The WEEE Directive is a EU-wide directive regulating the collection, transport and disposal of electronic waste, including solar PV products.
What is the WEEE Directive?
The Waste of Electrical and Electronic Equipment (WEEE) Directive refers to the original European Community Directive 2002/ 96/ EC and concerns the collection and recycling of waste electrical and electronic products.
The directive became European Law in January 2003 and has been requiring manufacturers to establish and organize infrastructure to collect their waste electronic equipment free of charge for private households and recycle or dispose it in an ecological manner.
Following slow and only gradual implementation and also addressing new market and technology conditions, the WEEE Directive has been amended in 2008 and 2012 with 2012/19/EU being the latest Directive edition. This EU WEEE Directive, published in July 2012, required all 28 EU Member States (EU-28) to implement it into national law by February 2014.
By the end of 2014, the majority of the EU-28 and also European Free Trade Association (EFTA) countries has converted the amended WEEE Directive (2012/19/EU) into national law, however some countries have still not concluded that process. Nevertheless, the Directive is valid and applies to all EU-28.
Even though with general provisions outlined in the Directive, due to diverging interpretations of the WEEE Directive by each Member State, the requirement details of waste collection, recycling and disposal vary all over the EU-28, thus posing enormous operational challenges to businesses.
WEEE and the solar industry
Solar products have for years been exempted from the WEEE directive. Starting from the first quarter of 2014, when the amended WEEE Directive – which since then includes solar photovoltaic modules – has come into effect, solar panel producers are obliged to collect and recycle waste panels in each member state – a procedure that will become very expensive for manufacturers since, in absence of an identical framework, the requirements vary in each EU member state.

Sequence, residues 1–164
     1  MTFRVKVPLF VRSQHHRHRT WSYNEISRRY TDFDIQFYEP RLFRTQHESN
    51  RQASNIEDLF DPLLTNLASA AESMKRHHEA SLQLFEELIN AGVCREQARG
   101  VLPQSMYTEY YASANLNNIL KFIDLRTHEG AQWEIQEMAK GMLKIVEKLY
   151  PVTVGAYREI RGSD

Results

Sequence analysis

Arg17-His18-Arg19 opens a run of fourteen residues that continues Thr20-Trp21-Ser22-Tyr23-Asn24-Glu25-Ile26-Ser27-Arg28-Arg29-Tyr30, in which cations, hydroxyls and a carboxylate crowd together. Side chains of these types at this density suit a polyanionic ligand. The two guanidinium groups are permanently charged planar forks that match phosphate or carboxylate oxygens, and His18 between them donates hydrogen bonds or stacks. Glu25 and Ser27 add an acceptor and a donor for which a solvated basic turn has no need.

Another challenge is the distinction between solar photovoltaic panels and other electrical appliances using solar cells which fall into other WEEE categories. Such other products include solar-powered calculators, backpacks, cell phone chargers, fans, radios, watches, air conditioners and many more.
Following the translation into national law, the definition of solar panel producer as outlined in the EU directive is also be at the discretion of each member state, which may be either the manufacturer, importer, re-seller or installer.
Ensuring compliance: solar PV recycling bodies
The new and enforced solar PV waste requirements have triggered the establishment and growth of a new sub-sector: solar photovoltaic recycling. Solar PV recycling bodies in Europe have been set up several years ago to help PV companies to comply with the WEEE Directive.
PV CYCLE, the major European solar PV panel recycling body which is also present in other markets, including China, to facilitate global compliance, is one of the bodies that supports and handles in exchange for membership fees the collection, transport and disposal of PV e-waste.